Developing a critical mind against fake news
Having moved from light surfing, babbling and chatting to data mining for the purpose of manipulation and destabilization, the digital transformation of the media landscape underscores the growing importance of media and information literacy. This form of education must rethink the media and the political and ethical foundations that legitimize it.
By Divina Frau-Meigs
Media and Information Literacy (MIL) is often called to the rescue these days, as the media is threatened on all sides, in totalitarian and democratic regimes alike. The alert was sounded in France on 7 January 2015, when the French satirical magazine, Charlie Hebdo, was attacked. It was an attack on one of the oldest forms of media in the world – caricature.
At the time, I was Director of the Centre pour l’éducation aux médias et à l’information (the centre for media and information literacy (CLEMI). We had to prepare students for their return to the classroom the day after the attack, and meet the needs of teachers and parents. We proceeded as we did after all major catastrophes – we searched our archives for educational fact sheets on caricature and propaganda, and posted media resources online (reference websites, a press review, a series of headlines). We also released an unpublished interview of Charb, which CLEMI had done in 2013, titled, “Can we laugh at everything?” The cartoonist and journalist, whose real name was Stéphane Charbonnier, was murdered in the attack.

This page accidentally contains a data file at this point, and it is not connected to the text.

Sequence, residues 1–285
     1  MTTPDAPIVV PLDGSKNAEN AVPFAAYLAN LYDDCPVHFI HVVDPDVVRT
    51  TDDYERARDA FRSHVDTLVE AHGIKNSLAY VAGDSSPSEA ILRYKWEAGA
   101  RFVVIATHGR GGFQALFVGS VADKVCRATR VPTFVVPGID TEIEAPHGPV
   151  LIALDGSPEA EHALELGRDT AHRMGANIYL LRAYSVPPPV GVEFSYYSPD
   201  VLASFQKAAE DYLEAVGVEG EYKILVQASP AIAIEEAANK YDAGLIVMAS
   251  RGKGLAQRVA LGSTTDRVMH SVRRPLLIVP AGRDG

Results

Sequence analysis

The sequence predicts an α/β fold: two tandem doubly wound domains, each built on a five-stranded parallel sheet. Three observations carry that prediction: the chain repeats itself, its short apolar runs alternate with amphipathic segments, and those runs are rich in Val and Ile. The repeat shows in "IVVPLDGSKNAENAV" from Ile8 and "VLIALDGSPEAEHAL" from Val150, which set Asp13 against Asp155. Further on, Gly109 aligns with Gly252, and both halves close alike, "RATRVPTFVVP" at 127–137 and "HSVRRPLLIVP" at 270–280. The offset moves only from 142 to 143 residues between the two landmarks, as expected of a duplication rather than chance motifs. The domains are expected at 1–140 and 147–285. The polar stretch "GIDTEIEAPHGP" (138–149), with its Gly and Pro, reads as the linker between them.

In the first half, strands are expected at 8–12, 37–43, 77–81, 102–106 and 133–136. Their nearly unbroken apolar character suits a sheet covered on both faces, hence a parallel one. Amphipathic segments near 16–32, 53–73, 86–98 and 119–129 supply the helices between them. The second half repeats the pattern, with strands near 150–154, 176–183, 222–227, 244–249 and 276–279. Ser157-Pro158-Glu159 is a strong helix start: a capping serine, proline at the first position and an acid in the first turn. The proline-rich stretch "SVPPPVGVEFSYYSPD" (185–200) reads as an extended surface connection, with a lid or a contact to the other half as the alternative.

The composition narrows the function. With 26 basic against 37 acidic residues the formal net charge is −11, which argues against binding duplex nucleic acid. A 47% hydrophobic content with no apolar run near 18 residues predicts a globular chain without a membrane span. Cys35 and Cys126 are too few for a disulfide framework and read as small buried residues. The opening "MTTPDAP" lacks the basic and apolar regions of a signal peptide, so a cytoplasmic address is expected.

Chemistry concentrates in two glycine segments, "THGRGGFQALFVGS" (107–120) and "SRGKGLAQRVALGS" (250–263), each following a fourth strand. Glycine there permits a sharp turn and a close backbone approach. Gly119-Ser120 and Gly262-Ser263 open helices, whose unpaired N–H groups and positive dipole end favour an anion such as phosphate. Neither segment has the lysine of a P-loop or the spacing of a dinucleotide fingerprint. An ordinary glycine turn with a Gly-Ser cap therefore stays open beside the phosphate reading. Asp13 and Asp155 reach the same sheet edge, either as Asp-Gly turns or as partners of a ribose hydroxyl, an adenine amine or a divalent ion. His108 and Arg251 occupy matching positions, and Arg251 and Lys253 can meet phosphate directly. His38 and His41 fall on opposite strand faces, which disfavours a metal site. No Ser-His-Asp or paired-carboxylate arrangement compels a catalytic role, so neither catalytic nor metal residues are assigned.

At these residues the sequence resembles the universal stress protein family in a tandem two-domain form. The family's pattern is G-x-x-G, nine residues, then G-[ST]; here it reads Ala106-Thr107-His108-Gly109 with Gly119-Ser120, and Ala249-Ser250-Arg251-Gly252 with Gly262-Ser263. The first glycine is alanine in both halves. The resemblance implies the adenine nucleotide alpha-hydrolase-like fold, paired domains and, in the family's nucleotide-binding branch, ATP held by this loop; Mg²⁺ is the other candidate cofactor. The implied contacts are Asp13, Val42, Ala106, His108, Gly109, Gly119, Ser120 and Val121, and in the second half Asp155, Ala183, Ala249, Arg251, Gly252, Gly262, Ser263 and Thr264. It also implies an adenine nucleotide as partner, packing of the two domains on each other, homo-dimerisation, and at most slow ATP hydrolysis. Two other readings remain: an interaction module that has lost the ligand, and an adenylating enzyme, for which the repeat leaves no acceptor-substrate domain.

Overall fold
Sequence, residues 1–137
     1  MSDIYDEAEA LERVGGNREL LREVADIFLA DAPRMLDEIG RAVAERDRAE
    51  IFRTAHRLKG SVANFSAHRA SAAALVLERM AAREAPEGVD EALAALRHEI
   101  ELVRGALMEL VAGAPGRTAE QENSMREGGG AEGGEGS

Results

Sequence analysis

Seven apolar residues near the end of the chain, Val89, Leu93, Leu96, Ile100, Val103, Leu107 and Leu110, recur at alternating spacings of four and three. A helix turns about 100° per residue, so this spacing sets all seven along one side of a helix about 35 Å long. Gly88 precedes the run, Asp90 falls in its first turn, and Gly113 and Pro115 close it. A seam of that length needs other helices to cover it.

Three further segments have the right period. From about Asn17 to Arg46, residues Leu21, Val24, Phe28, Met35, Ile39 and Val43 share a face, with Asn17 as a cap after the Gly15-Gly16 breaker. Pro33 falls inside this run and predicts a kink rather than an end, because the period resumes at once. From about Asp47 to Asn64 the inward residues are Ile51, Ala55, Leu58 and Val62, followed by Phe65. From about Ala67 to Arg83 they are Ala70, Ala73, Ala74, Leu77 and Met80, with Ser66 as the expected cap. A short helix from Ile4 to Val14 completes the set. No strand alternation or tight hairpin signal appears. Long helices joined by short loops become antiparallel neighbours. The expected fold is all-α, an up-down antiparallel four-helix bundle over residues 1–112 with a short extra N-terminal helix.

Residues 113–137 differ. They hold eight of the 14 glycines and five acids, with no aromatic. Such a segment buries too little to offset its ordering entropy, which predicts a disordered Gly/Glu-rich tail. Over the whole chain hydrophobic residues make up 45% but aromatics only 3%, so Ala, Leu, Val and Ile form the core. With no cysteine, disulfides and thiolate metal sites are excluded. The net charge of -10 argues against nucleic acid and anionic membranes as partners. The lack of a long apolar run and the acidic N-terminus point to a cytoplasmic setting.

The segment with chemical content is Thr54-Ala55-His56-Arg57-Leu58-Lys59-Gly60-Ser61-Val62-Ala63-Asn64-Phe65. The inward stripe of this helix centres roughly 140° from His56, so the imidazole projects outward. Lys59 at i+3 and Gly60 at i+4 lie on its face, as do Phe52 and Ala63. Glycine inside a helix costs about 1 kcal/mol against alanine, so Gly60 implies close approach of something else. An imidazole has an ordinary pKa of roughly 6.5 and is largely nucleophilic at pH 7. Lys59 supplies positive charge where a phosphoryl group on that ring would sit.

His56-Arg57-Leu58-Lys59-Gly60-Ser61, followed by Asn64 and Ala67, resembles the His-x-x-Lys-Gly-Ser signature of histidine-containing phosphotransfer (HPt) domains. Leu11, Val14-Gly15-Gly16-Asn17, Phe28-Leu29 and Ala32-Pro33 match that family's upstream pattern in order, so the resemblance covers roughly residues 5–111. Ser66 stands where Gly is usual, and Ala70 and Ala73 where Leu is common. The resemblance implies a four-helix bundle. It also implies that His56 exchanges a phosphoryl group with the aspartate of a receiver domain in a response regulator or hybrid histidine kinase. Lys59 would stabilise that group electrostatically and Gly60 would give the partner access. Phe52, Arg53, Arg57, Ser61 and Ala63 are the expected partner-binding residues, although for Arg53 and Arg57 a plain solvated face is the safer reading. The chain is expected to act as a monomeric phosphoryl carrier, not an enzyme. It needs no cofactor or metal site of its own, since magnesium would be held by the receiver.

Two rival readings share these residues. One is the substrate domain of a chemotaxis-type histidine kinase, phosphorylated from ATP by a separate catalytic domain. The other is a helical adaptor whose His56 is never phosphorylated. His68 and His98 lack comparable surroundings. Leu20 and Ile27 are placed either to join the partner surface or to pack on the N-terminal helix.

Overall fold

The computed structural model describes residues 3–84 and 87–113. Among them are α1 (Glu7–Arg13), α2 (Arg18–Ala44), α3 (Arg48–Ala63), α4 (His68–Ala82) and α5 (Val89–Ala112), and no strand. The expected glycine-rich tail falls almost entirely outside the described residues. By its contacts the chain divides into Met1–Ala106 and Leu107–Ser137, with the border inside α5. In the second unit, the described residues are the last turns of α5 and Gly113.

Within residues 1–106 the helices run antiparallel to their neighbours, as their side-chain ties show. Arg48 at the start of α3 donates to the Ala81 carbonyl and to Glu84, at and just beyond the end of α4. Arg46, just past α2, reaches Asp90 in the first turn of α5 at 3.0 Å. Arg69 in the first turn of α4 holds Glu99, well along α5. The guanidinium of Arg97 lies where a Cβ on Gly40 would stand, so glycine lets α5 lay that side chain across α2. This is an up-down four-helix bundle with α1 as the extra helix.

This crisis situation showed the strengths of MIL, but also its limitations. We were well-prepared to respond in terms of resources, but we did not anticipate the impact of social media.
Like pre-digital media, MIL must take a leap forward and include in its concerns what data does to the media – it pushes information to the fore through the regulation of algorithms, linked to people’s search histories. It can enclose people in a “filter bubble” to reinforce the biases of confirmation that support preconceived ideas, and reduce the diversity and pluralism of ideas by monetizing content (clicks by views). It is invasive of privacy and threatens fundamental freedoms by using digital footprints for purposes beyond the user’s control.
The latest crisis stemming from fake news – a blend of rumour, propaganda and plot theory – has shaken up MIL. Fake news is even stronger than disinformation, which is a toxic, but generally discernible mixture of truth and lies. Fake news is a phenomenon that falls into the category of disinformation, but its malicious intent is unprecedented, because information technology makes it trans-border and trans-media, and therefore viral.
Media and Information Literacy must imperatively take into account the digital transformation, which has moved from the “blue continent” to the “dark continent”. In other words, it has gone from surfing, babbling and chatting on platforms controlled by the GAFAM (an acronym for Google, Apple, Facebook, Amazon, Microsoft), to noxious data mining for the purpose of massive manipulation and destabilization.